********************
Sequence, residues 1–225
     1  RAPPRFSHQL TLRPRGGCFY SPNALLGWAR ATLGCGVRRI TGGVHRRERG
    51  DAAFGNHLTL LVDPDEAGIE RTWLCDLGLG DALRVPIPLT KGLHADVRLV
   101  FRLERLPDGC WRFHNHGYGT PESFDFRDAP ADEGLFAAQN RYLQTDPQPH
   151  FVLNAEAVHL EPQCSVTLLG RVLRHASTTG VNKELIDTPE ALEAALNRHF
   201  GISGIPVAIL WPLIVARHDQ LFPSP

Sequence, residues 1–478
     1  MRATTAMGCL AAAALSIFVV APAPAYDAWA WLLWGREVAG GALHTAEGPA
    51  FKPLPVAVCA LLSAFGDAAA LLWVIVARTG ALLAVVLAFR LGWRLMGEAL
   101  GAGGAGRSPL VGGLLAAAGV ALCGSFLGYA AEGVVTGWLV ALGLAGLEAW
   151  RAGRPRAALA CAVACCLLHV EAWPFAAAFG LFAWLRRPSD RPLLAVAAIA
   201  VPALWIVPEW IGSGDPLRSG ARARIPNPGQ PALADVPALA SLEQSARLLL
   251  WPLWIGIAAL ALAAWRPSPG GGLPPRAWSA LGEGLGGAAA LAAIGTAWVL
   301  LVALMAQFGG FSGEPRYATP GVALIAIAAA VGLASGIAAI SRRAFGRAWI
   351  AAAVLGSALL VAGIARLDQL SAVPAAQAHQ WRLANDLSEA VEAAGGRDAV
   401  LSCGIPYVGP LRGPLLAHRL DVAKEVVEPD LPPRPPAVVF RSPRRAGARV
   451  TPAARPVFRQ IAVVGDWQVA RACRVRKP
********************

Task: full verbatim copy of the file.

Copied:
Sequence, residues 1–225
     1  RAPPRFSHQL TLRPRGGCFY SPNALLGWAR ATLGCGVRRI TGGVHRRERG
    51  DAAFGNHLTL LVDPDEAGIE RTWLCDLGLG DALRVPIPLT KGLHADVRLV
   101  FRLERLPDGC WRFHNHGYGT PESFDFRDAP ADEGLFAAQN RYLQTDPQPH
   151  FVLNAEAVHL EPQCSVTLLG RVLRHASTTG VNKELIDTPE ALEAALNRHF
   201  GISGIPVAIL WPLIVARHDQ LFPSP

Sequence, residues 1–478
     1  MRATTAMGCL AAAALSIFVV APAPAYDAWA WLLWGREVAG GALHTAEGPA
    51  FKPLPVAVCA LLSAFGDAAA LLWVIVARTG ALLAVVLAFR LGWRLMGEAL
   101  GAGGAGRSPL VGGLLAAAGV ALCGSFLGYA AEGVVTGWLV ALGLAGLEAW
   151  RAGRPRAALA CAVACCLLHV EAWPFAAAFG LFAWLRRPSD RPLLAVAAIA
   201  VPALWIVPEW IGSGDPLRSG ARARIPNPGQ PALADVPALA SLEQSARLLL
   251  WPLWIGIAAL ALAAWRPSPG GGLPPRAWSA LGEGLGGAAA LAAIGTAWVL
   301  LVALMAQFGG FSGEPRYATP GVALIAIAAA VGLASGIAAI SRRAFGRAWI
   351  AAAVLGSALL VAGIARLDQL SAVPAAQAHQ WRLANDLSEA VEAAGGRDAV
   401  LSCGIPYVGP LRGPLLAHRL DVAKEVVEPD LPPRPPAVVF RSPRRAGARV
   451  TPAARPVFRQ IAVVGDWQVA RACRVRKP